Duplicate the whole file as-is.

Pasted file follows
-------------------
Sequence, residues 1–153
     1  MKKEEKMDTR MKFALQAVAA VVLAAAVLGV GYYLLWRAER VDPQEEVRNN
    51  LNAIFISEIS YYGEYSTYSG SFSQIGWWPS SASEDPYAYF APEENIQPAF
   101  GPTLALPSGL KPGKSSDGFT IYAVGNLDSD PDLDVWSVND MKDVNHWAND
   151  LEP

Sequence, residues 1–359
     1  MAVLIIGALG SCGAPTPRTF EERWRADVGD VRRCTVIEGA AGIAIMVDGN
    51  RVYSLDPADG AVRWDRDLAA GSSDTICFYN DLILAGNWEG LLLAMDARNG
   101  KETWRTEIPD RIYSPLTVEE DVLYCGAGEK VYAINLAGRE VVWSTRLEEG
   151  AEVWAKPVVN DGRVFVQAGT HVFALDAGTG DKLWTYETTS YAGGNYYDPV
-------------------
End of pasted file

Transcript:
Sequence, residues 1–153
     1  MKKEEKMDTR MKFALQAVAA VVLAAAVLGV GYYLLWRAER VDPQEEVRNN
    51  LNAIFISEIS YYGEYSTYSG SFSQIGWWPS SASEDPYAYF APEENIQPAF
   101  GPTLALPSGL KPGKSSDGFT IYAVGNLDSD PDLDVWSVND MKDVNHWAND
   151  LEP

Sequence, residues 1–359
     1  MAVLIIGALG SCGAPTPRTF EERWRADVGD VRRCTVIEGA AGIAIMVDGN
    51  RVYSLDPADG AVRWDRDLAA GSSDTICFYN DLILAGNWEG LLLAMDARNG
   101  KETWRTEIPD RIYSPLTVEE DVLYCGAGEK VYAINLAGRE VVWSTRLEEG
   151  AEVWAKPVVN DGRVFVQAGT HVFALDAGTG DKLWTYETTS YAGGNYYDPV